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To the Editor,
Among my favorite experiences both from childhood and parenthood is going to the park for an afternoon of jungle gyms, monkey bars, and memories. Our city parks are true community assets, places where families, friends, and neighbors can enjoy each other and the outdoors.
Today, however, many of our city parks are struggling. The Legacy Amendment dedicated tax, approved by voters in 2008, was meant to provide funding for cultural, arts, and outdoors projects—including city parks. Our local parks and recreation administrators were encouraged to support the amendment and were told they would receive much-needed funds; however, once implemented by the legislature, the Legacy Amendment has left our city parks empty-handed.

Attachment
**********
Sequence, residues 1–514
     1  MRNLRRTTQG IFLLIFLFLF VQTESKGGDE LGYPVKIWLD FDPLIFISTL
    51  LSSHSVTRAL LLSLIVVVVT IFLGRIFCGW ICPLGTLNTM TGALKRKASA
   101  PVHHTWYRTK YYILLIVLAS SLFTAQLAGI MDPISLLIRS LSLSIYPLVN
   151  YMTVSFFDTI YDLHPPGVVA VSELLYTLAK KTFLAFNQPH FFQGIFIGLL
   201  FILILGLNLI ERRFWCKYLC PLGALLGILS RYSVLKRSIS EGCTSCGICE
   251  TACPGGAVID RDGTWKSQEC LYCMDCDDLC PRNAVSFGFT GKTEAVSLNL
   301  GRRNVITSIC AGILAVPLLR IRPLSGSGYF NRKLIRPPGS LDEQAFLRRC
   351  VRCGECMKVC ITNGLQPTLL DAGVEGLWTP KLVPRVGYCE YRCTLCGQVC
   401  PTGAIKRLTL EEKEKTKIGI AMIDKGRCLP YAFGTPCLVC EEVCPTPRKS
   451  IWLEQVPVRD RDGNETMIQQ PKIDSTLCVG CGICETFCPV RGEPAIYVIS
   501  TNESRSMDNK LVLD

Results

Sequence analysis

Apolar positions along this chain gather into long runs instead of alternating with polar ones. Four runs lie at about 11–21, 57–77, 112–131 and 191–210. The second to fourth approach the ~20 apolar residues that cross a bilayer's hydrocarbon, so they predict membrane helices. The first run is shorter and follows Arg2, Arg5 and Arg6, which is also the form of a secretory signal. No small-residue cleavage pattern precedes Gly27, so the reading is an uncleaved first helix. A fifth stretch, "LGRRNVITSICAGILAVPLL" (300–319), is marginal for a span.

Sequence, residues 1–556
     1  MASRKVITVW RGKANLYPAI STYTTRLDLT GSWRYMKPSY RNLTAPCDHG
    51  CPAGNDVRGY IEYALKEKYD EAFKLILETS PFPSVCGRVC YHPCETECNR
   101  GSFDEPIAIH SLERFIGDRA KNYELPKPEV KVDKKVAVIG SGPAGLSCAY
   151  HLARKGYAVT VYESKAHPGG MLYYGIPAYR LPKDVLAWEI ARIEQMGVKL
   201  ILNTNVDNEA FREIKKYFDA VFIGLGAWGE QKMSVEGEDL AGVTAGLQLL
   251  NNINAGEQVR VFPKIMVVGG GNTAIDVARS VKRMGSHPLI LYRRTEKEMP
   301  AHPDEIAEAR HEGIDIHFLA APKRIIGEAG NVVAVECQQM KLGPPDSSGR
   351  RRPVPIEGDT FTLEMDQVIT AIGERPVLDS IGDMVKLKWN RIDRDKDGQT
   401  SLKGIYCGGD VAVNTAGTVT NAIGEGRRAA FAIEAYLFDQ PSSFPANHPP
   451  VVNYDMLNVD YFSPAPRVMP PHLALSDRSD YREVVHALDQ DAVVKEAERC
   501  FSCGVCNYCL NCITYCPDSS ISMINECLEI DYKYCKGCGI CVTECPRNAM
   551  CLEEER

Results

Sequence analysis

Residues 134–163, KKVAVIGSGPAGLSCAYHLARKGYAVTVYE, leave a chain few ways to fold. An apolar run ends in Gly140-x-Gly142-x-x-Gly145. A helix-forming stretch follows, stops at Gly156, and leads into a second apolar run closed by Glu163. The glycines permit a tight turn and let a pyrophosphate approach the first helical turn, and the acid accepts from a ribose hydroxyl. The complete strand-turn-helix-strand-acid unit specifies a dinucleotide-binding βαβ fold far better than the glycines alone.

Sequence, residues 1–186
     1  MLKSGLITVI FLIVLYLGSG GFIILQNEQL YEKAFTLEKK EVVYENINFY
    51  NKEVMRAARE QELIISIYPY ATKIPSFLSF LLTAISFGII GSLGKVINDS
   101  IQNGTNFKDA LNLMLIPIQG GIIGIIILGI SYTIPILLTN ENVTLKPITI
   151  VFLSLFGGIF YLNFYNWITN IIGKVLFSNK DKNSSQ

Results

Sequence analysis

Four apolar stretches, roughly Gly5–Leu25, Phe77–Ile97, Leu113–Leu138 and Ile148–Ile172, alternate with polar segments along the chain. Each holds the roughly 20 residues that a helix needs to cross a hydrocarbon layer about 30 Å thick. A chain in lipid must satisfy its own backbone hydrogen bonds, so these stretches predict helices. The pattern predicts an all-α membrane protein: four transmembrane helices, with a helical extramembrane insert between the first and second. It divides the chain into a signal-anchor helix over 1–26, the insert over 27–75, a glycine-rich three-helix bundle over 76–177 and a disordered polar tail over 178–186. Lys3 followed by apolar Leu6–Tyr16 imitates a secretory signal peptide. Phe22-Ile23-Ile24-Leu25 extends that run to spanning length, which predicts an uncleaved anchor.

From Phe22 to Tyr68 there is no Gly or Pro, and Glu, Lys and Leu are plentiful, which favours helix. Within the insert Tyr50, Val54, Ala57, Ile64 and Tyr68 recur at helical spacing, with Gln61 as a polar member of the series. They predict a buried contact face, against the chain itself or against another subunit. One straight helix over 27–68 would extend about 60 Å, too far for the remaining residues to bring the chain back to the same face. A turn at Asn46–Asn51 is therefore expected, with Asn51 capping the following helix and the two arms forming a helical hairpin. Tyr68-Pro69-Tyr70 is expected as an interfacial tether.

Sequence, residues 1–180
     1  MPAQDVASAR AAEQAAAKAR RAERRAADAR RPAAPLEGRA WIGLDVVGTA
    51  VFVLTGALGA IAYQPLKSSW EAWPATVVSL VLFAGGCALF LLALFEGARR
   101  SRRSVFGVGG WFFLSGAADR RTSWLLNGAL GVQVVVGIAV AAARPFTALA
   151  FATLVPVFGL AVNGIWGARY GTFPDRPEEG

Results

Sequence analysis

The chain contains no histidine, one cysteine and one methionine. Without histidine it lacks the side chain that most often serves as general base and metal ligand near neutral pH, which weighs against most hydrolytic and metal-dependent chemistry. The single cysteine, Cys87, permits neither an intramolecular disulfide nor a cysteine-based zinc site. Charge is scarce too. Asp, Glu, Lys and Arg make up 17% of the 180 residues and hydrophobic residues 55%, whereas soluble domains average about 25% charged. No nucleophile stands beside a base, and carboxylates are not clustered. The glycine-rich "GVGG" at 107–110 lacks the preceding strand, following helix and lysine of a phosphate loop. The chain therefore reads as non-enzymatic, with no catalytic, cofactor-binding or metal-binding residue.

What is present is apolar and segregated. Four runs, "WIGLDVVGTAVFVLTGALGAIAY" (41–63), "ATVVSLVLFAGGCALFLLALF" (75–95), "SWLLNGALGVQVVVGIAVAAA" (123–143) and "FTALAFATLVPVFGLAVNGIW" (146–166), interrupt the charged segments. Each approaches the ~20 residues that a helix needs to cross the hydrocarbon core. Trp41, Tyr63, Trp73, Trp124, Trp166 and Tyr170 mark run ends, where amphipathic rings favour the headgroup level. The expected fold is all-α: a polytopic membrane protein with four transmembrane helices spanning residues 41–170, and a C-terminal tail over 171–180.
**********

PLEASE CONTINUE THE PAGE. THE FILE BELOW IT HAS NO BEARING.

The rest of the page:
Instead of providing funds to city parks in places like Andover, Coon Rapids, and Ham Lake, money is being given to entities including the Three Rivers Park District that already have taxing authority. I understand the wide range of projects and places Legacy Amendment funds are applicable, but I am disappointed to learn that while our parks are at risk of closing for lack of funds, money is provided to those that have the ability to raise their own.
As your representative, I will work during the 2010 session to assist city parks and recreation departments in receiving fair and equitable funding. All of us take enjoyment and pride in our city parks, and the whole community benefits from a strong, stable parks and recreation department. Our city parks and recreation administrators deserve the support they were promised, and our residents deserve the benefits city parks provide. City parks are a place to create memories, and I do not want them to become simply a topic of reminiscence.
State Representative, District 49A-Andover
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